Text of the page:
Now it's Wednesday morning, and I'm shopping for the espresso maker, as well as beverage supplies: coffee, tea, milk, chocolate, flavoring, sugar, and cups. In the midst of my shopping trip, my cell phone bleeps a reminder: I have to attend a custody hearing. I drop what I'm doing and rush over to the courthouse in a cab to meet with a judge and my ex-husband. We're going to discuss the custody of my young daughter, Laura, who is currently living with me in my sister's house, since I lost my job and my home when I divorced my husband.

Maybe it's now clear why I put "retail simulation" in quotes earlier. Cart Life does present you with a retail simulation, but it has plenty, plenty more.

Sim-plicity: I am a ski resort manager

Christopher Livingston at

Having retired from world-saving heroics, Christopher Livingston is living the simple life in video games by playing a series of down-to-earth simulations. This week he’s off to the Swiss Alps to work as a ski resort manager; that is, until he becomes obsessed with a giant mound of salt.


I refuse to bury the lede, so I'm just going to come right out and say it: a ten-foot-tall pile of salt has completely destroyed any hopes I had of running a successful ski resort. Granted, I can't really blame the pile of salt itself. I mean, it's salt. It's a seasoning. It didn't attack me with a machete or set fire to a building or steal my identity and run up a massive credit card bill in the Bahamas. It just sat there, in a pile, being salt. And yet, simply by being a pile of salt, it ruined everything.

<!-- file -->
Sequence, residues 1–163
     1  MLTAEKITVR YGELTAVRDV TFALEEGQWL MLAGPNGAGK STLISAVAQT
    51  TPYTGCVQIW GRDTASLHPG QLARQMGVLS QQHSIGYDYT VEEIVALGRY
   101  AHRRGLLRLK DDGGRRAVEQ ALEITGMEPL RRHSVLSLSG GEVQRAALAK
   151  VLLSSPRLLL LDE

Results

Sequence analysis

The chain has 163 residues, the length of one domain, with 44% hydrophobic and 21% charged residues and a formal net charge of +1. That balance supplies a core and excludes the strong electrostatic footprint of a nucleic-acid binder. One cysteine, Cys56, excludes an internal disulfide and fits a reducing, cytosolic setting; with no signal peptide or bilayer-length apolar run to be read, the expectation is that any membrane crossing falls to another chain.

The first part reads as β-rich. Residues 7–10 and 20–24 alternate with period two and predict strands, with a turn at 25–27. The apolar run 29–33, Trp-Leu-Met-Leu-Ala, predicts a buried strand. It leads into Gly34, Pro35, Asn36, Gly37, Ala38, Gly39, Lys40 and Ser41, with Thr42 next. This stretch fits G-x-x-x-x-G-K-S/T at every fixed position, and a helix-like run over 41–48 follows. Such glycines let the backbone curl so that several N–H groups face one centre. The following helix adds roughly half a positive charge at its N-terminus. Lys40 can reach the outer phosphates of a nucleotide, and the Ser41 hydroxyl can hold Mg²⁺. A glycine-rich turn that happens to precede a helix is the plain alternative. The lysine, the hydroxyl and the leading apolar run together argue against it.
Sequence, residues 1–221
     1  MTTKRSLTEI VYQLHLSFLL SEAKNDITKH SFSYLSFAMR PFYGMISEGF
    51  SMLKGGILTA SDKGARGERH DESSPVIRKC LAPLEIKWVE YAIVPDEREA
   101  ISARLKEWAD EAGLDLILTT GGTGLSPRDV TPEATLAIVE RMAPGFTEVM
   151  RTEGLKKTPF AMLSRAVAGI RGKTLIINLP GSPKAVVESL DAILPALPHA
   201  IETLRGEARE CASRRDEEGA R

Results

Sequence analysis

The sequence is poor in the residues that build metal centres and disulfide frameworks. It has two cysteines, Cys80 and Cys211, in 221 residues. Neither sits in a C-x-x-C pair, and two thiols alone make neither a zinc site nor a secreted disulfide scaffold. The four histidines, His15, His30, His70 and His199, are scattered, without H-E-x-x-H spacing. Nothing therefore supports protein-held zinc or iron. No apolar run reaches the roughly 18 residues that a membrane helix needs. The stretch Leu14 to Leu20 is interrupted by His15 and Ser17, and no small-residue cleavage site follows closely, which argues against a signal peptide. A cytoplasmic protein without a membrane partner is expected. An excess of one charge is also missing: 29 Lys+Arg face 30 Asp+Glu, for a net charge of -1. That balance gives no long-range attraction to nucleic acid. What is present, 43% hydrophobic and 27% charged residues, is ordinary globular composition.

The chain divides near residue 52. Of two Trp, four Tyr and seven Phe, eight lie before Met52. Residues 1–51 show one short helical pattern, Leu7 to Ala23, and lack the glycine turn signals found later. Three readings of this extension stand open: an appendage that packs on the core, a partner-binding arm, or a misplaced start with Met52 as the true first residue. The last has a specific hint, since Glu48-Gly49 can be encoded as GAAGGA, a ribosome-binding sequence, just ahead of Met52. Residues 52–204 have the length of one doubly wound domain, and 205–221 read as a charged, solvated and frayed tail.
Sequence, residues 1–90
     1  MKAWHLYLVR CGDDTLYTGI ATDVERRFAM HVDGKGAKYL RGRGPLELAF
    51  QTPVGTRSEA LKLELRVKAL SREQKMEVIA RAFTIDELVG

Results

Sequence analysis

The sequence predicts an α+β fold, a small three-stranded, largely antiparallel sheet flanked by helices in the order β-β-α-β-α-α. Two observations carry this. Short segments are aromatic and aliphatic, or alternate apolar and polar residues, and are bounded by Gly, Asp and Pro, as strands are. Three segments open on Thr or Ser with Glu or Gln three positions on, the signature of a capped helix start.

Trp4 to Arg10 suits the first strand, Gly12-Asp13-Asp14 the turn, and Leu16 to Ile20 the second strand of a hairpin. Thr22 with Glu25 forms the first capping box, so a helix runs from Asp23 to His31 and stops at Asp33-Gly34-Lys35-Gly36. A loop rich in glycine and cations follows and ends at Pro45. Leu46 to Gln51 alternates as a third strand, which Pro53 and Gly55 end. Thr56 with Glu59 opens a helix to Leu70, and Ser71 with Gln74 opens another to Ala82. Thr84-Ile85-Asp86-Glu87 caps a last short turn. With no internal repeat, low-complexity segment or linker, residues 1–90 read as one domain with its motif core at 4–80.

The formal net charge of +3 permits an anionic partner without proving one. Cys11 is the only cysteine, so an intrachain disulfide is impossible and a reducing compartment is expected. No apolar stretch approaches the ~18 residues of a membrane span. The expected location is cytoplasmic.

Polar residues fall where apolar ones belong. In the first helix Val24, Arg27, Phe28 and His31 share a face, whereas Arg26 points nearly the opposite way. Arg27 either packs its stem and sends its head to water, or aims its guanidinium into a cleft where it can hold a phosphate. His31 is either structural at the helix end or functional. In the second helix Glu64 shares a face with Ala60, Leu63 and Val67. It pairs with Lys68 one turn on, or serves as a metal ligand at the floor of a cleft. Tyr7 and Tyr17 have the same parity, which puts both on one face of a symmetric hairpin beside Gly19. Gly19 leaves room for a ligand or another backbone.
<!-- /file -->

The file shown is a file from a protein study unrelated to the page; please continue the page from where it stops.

Sim-plicity: I am a spearfisherwoman

Christopher Livingston at

Having retired from world-saving heroics, Christopher Livingston is living the simple life in video games by playing a series of down-to-earth simulations. This week he's on vacation-- simulated vacation, of course-- spearfishing, diving for treasure, taking pictures, and occasionally freaking out about ghost pirates and aquatic bats.


Over the past couple months, I've had a number of jobs in these Sim-plicity columns: a rotten tow truck driver, an ineffective police chief, an inept bridge-builder, a confused bus driver, a frustrated lumber-cutter, and an airport firefighter so bad at fighting fires his airport was shut down. There's really only one conclusion to draw from this pattern of failure and incompetence: I deserve a vacation.

I'm taking my break with Depth Hunter: The Spearfishing Simulator, which plunks me into the ocean as a spearfisherwoman. At least I think I'm a woman. It's a first-person simulator, so I can't see myself, but the promotional art for the game shows a woman with purple hair wearing a bikini top. The simulation promises I will "face the difficulties of breath-holding spearfishing, an ancient fishing method", though I don't think the ancient purple-haired bikini-wearing spearfisherwomen had spring-loaded mechanical harpoons.

Sim-plicity: I am a San Francisco bus driver

Christopher Livingston at